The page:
In a really smart move, Moma also makes it quite easy to submit results to the Mono team.


This is a great way to help them plan ahead and prioritize their efforts.  Just for fun, I ran Moma against the BlogML 2.0 assembly and it passed with flying colors.   Moma Blogml

Nice!, code comments edit

One of the benefits of writing an ASP.NET book is that it forces me to spend a lot of time spelunking deep in the bowels of ASP.NET uncovering all sorts of little gems I never noticed the first time around.

Many of these little morsels should end up in the book, but I thought I would blog about a few of them as I go along. 

This is all part of the weird situation I find myself in while writing this book. I thought I would just sit down and all the words would flow. Instead, no matter how motivated I am, everytime I sit down to write I spend two hours procrastinating for every one hour of writing.  What gives!?

In any case, one of the gems I discovered is the ClientScriptManager.RegisterExpandoAttribute method.  This method allows you to add custom properties to a control.  These properties are not rendered in the HTML as attributes, but simply attached to the control in the DOM via javascript.

This is nice for control authors who want to make a custom control client scriptable, but still maintain XHTML compliance, since XHTML compliance doesn’t allow arbitrary attributes for tags.

The following is a really simple example.  I present here a custom control that inherits from Label.

public class ExpandoControl : Label
    //Code to be filled in.

The AddAttributesToRender method is the appropriate place to call RegisterExpandoAttribute.

protected override 
    void AddAttributesToRender(HtmlTextWriter writer)
                , "contenteditable", "true");

Now we can access the contenteditable property of this control via client script. The following javascript demonstrates.

var expando = document.getElementById('expando');
alert('Content editable: ' + expando.contenteditable);

This is a good approach to take to develop a client-side api for your custom controls.

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UPDATE: In my original example, I created my own delegate for converting objects to strings. Kevin Dente pointed out that there is already a perfectly fine delegate for this purpose, the Converter delegate. I updated my code to use that instead. Thanks Kevin!  Just shows you the size and depth of the Framework libraries.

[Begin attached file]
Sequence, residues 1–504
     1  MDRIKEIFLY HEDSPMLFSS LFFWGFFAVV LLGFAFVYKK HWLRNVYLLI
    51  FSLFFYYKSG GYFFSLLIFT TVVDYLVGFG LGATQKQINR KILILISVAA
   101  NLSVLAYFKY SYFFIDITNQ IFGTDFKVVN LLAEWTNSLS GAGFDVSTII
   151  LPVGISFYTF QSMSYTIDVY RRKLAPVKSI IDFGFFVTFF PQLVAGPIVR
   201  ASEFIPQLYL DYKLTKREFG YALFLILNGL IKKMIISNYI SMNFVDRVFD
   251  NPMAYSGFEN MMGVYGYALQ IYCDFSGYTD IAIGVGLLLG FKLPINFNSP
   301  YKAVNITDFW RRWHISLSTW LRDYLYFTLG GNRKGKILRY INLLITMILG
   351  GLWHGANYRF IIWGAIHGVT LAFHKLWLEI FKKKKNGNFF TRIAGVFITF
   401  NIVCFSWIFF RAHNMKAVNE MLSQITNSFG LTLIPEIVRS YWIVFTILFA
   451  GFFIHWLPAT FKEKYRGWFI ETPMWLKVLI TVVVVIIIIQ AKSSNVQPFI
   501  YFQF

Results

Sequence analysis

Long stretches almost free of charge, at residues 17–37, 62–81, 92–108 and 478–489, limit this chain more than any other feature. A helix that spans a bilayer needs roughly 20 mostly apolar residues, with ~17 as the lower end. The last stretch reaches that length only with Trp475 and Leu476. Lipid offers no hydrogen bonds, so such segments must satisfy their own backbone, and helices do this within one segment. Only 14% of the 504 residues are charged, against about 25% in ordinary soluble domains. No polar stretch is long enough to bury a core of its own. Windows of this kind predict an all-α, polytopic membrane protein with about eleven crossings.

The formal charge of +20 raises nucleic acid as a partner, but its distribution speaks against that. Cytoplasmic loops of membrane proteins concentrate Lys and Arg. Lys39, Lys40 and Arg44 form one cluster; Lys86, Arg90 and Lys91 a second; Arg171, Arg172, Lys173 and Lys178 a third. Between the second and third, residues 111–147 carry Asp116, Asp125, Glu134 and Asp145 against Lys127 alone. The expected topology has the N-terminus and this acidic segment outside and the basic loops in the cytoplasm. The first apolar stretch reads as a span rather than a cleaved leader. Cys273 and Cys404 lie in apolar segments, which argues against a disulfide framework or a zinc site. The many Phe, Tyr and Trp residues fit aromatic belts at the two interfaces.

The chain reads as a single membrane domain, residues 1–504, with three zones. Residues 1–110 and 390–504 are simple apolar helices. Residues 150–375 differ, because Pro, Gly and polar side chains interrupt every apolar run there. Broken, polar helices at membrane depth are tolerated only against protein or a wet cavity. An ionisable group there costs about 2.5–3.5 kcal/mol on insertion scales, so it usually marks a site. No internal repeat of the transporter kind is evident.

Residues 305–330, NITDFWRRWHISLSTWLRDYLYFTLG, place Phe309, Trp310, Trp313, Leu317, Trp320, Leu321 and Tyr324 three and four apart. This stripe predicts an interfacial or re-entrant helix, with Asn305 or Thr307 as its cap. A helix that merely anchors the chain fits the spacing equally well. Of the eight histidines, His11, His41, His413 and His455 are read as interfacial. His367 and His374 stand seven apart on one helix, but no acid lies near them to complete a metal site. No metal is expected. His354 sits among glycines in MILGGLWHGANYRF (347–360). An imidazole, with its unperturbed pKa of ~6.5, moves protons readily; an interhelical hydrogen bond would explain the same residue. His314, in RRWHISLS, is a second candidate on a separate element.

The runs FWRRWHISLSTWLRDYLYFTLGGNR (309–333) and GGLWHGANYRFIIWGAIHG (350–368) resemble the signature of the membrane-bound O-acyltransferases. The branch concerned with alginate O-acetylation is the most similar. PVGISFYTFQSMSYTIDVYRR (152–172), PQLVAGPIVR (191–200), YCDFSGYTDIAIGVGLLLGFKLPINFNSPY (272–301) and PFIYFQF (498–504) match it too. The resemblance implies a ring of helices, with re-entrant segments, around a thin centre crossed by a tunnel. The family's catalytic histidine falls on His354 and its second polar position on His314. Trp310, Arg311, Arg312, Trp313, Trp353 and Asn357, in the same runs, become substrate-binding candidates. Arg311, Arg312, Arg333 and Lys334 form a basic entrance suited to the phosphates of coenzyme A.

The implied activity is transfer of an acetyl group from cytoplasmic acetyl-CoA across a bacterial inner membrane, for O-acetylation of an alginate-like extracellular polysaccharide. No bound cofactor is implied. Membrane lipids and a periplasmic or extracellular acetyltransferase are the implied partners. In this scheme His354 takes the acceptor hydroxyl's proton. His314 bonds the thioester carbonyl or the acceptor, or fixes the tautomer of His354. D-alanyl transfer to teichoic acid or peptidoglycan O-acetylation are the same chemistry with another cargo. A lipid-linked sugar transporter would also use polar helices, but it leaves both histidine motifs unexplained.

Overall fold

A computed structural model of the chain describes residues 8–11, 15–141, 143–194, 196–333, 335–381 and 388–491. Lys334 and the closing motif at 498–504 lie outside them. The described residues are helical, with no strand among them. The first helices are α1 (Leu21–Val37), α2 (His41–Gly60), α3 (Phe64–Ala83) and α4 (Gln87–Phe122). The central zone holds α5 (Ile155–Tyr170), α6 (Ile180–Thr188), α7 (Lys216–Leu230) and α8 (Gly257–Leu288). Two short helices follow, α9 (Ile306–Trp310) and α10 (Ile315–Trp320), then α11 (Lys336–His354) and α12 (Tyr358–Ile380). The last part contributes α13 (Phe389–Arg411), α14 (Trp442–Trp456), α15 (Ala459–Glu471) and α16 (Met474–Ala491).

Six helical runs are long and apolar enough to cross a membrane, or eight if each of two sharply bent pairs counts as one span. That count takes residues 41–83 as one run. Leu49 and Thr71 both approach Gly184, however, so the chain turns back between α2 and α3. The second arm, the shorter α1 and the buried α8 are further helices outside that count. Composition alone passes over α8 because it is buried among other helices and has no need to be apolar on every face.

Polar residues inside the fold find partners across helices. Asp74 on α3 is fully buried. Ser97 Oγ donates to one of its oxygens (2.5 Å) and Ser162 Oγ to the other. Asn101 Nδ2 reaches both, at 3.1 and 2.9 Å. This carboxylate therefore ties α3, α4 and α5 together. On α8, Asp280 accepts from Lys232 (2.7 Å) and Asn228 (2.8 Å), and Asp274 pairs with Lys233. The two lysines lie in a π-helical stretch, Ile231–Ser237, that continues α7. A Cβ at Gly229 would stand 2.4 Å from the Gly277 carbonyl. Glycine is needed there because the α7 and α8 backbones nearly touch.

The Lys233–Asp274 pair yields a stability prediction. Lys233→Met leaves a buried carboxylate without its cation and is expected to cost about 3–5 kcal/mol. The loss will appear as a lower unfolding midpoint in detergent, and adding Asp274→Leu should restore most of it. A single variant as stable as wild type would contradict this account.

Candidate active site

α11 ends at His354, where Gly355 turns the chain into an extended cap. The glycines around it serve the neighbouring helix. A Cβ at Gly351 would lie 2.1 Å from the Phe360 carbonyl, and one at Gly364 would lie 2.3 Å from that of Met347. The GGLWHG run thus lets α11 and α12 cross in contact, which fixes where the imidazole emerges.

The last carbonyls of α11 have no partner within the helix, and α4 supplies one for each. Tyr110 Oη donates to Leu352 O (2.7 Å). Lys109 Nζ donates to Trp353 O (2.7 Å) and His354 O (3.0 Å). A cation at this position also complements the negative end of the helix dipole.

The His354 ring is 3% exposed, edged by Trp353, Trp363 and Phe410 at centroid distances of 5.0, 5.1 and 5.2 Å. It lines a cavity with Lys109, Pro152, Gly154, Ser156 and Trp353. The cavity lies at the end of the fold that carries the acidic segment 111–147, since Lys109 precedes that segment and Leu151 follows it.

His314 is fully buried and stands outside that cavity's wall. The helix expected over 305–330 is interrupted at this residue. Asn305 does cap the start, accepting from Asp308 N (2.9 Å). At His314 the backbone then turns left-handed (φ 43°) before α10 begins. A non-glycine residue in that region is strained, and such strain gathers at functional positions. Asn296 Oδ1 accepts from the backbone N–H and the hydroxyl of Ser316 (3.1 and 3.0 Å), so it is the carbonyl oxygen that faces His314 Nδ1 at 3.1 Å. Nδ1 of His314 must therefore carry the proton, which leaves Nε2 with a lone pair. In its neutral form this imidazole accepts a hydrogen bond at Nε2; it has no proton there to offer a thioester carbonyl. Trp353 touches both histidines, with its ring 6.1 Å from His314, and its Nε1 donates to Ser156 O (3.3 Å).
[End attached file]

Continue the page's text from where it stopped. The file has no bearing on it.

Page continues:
My recent post on concatenating a delimited string sparked quite a bit of commentary.  The inspiration for that post was some code I had to write for a project.  One constraint that I neglected to mention was that I was restricted to .NET 1.1.  Today, I revisit this topic, but with the power of .NET 2.0 in my pocket.

Let’s make our requirements a bit more interesting, shall we?

In this scenario, I have a new class creatively named SomeClass.  This class has a property also creatively named, SomeDate (how do I come up with these imaginative names?!). 

class SomeClass
    public SomeClass(DateTime someDate)
        this.SomeDate = someDate;

    public DateTime SomeDate;

Suppose I want to concatenate instances of this class together, but this time I want a pipe delimited list of the number of days between now and the SomeDate value.  For example, given the date 11/23/2006, the string should have a “1” since that date was one day ago.  Yes, this is a contrived example, but it will do.

Now I’ll define a new Join method that can take in a delimiter, an enumeration, and an instance of the Converter delegate.  The Converter delegate has the following signature.

delegate TOutput Converter<TIn,TOutput> (TIn input)

As an argument to my Join method, I specify that TOutput should be a string, leaving the input to remain generic.

public static string Join<T>(string delimiter
                             , IEnumerable<T> items
                             , Converter<T, string> converter)
    StringBuilder builder = new StringBuilder();
    foreach(T item in items)
    if (builder.Length > 0)
        builder.Length = builder.Length - delimiter.Length;

    return builder.ToString();

Now with this method defined, I can concatenate an array or collection of SomeClass instances like so:

SomeClass[] someClasses = new SomeClass[]
  new SomeClass(DateTime.Parse("1/23/2006"))